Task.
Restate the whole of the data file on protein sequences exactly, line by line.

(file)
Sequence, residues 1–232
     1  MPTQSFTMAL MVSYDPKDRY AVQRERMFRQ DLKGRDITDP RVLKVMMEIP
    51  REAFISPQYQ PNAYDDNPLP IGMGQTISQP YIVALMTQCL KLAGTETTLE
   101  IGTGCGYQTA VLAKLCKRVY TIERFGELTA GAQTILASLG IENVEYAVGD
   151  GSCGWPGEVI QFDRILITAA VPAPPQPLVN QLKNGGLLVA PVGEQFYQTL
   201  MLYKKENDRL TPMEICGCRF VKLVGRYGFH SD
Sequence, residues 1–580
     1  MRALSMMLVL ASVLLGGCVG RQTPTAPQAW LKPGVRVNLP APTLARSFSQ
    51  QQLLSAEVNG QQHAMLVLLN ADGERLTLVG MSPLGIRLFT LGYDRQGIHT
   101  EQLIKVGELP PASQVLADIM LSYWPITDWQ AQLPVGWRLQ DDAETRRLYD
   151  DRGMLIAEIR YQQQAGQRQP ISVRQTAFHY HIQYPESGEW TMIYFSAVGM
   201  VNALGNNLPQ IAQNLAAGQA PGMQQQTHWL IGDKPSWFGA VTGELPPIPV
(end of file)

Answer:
Sequence, residues 1–232
     1  MPTQSFTMAL MVSYDPKDRY AVQRERMFRQ DLKGRDITDP RVLKVMMEIP
    51  REAFISPQYQ PNAYDDNPLP IGMGQTISQP YIVALMTQCL KLAGTETTLE
   101  IGTGCGYQTA VLAKLCKRVY TIERFGELTA GAQTILASLG IENVEYAVGD
   151  GSCGWPGEVI QFDRILITAA VPAPPQPLVN QLKNGGLLVA PVGEQFYQTL
   201  MLYKKENDRL TPMEICGCRF VKLVGRYGFH SD
Sequence, residues 1–580
     1  MRALSMMLVL ASVLLGGCVG RQTPTAPQAW LKPGVRVNLP APTLARSFSQ
    51  QQLLSAEVNG QQHAMLVLLN ADGERLTLVG MSPLGIRLFT LGYDRQGIHT
   101  EQLIKVGELP PASQVLADIM LSYWPITDWQ AQLPVGWRLQ DDAETRRLYD
   151  DRGMLIAEIR YQQQAGQRQP ISVRQTAFHY HIQYPESGEW TMIYFSAVGM
   201  VNALGNNLPQ IAQNLAAGQA PGMQQQTHWL IGDKPSWFGA VTGELPPIPV